Hellraiser

Welshman Christopher Teague is probably best known as the proprietor of Pendragon Books, and editor of anthologies like Nasty Snips and Tourniquet Heart. But he has also carved out a name for himself as a short story writer with tales published by the likes of Charnel House, Terror Tales and House of Pain. In addition to this, he has also turned his hand to screenwriting and has a script being developed by Assembly of Rogues director Martin Roberts.

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'Hello. We're not in at the moment, but if you'd like to leave a message at the end of the beep, then either Jim or Jenny will get back to you.'

Beep.

 

'Jenny, Jenny, Jenny. I'm afraid Jim will be late home tonight. He is rather tied up. But then, nothing is new there, right? Every night Jim starts early and finishes late, I detect you imagine him having an affair - his new secretary, maybe? What's her name now - Lucy, that's it. No, Lucy leaves an hour before Jim at five on the dot, back to her flat and six foot boyfriend. You've nothing to fear there.

Then, of course, there's the possibility he might be gay. I wonder, have you thought of that? No, far too implausible I guess. You're right, he isn't.

So, how do I explain myself?

Jim and I know each other from work - well, we used to know each other, before I parted for a new job. Seems a long-time ago now.

Jim's with me at the moment, sat on my sofa. Say hello Jim - did you hear him? Of course not, how could you. The thing is…'

 

'Hello. We're not in at the moment, but if you'd like to leave a message at the end of the beep, then either Jim or Jenny will get back to you.'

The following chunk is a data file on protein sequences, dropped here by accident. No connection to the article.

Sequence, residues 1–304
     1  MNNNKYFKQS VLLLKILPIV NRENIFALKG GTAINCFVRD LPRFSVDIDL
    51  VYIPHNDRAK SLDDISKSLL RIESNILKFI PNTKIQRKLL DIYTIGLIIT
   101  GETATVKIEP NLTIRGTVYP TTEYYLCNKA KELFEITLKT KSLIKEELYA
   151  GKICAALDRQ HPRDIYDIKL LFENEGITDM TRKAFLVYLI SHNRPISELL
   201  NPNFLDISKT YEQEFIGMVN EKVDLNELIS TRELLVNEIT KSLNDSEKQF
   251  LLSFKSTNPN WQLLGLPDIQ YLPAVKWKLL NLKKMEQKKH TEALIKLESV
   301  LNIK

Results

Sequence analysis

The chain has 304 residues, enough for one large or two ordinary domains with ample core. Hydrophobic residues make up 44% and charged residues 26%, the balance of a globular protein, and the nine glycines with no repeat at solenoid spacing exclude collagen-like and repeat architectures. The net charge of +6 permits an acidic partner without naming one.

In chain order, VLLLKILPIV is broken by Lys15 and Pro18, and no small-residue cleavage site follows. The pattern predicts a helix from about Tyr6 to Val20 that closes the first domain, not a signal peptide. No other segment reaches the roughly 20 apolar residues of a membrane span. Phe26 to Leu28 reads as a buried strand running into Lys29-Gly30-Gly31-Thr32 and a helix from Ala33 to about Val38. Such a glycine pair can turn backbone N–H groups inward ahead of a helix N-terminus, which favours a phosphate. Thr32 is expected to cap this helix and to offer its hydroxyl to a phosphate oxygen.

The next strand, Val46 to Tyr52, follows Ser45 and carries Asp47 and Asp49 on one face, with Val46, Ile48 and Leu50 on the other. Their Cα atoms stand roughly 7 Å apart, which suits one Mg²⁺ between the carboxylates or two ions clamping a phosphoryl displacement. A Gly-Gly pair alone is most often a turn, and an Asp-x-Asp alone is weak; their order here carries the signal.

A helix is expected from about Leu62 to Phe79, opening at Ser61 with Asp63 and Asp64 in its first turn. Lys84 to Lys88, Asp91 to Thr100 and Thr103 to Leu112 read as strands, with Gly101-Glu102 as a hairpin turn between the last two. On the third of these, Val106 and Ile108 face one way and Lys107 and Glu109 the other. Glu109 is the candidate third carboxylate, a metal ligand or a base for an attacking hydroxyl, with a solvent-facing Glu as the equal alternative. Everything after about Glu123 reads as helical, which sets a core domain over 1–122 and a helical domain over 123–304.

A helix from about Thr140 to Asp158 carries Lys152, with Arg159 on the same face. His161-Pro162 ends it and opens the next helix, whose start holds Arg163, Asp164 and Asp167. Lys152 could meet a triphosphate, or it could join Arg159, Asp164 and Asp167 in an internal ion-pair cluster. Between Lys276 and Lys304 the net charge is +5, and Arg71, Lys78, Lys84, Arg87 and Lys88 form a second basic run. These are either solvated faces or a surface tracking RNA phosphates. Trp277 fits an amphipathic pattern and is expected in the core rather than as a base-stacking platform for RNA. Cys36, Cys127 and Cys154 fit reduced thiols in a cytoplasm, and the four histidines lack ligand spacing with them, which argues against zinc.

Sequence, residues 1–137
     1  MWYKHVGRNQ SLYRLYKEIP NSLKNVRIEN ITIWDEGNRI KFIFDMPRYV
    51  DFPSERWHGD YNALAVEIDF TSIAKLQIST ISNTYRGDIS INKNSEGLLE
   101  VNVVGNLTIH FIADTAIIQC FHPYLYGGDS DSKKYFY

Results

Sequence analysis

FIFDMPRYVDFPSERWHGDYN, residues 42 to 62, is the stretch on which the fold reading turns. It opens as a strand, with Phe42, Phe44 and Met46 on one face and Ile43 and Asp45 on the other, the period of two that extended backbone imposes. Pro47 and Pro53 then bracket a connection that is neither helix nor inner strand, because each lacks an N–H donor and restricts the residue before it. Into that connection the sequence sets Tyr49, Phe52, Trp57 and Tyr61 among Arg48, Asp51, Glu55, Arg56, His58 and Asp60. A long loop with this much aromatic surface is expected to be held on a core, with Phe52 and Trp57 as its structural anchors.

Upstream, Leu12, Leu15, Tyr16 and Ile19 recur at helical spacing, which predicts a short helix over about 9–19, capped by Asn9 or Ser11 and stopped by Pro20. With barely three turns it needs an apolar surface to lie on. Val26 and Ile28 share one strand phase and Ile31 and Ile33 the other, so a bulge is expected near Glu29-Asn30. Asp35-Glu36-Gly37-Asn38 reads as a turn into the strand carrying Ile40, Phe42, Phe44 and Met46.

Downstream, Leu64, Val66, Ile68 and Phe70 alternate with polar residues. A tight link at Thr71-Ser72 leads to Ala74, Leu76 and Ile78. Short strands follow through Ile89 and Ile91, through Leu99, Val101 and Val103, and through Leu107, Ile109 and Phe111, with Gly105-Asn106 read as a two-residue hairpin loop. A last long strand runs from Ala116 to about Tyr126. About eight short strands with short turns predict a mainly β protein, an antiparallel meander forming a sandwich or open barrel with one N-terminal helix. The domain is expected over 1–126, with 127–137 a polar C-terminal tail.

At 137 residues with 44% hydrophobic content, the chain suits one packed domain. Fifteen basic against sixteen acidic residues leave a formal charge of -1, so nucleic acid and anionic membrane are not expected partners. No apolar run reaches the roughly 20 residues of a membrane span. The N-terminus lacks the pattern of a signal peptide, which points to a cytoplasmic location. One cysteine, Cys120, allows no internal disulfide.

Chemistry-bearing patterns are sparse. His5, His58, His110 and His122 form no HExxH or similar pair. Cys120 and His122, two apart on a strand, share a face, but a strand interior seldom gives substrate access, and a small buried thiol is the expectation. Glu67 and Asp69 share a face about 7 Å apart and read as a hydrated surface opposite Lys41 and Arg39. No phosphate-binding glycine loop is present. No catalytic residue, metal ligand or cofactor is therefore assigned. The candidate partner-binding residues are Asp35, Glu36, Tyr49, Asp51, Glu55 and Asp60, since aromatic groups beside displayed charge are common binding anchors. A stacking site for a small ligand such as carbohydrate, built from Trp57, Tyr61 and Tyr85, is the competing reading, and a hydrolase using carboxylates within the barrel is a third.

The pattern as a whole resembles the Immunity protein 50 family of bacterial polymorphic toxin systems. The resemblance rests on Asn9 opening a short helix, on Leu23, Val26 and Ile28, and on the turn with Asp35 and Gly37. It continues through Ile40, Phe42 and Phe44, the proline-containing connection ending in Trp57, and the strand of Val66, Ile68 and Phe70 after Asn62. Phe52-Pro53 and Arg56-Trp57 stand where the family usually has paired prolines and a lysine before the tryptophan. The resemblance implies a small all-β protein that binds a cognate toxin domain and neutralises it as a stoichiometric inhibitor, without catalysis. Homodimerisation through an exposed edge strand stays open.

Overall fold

Beep.

'… Ah, where was I before being so rudely interrupted. I hate talking to these bloody machines, just as I get into the swing of things the machine switches off. Right. Jim, on my sofa: yes.

Jim and me worked together, part of the same team - we actually started on the same day, about an hour apart. I was first through the door though.

Things went well, we hung out - had a few drinks, complained about the shits upstairs, the usual bollocks really. But Jim was competitive, nothing wrong with that - I admired him for it. But, he began to distance himself - he'd finish late, not bother with the quiet pint after work, or for lunch. He turned into one of those ugly creatures, the ones we all hate: the arse-lickers of this world.

I could see him, going upstairs, giving the ugly shits blowjobs no doubt; I imagined him wiping his mouth, smeared with their come.

Not surprising, he got the promotion he so thoroughly wanted.

I daresay he deserved it really, after all that spunk.

Fair play to Jim, he never displayed any bossiness towards me, but the eyes, his eyes betrayed him - I could see him smirking at me, mocking me with his clear blue eyes. Oh, he'd still say hello, but he'd dismiss me with a quick phone call and drop everything when they beckoned him upstairs.

Then they moved him into a separate office, overlooking us. He was even given Lucy on a plate by the MD. I could see him through the window of his office, watched him pick up the phone, see Lucy wander in, all tits and short skirt, watch him lean back in his chair dictating, salivati…'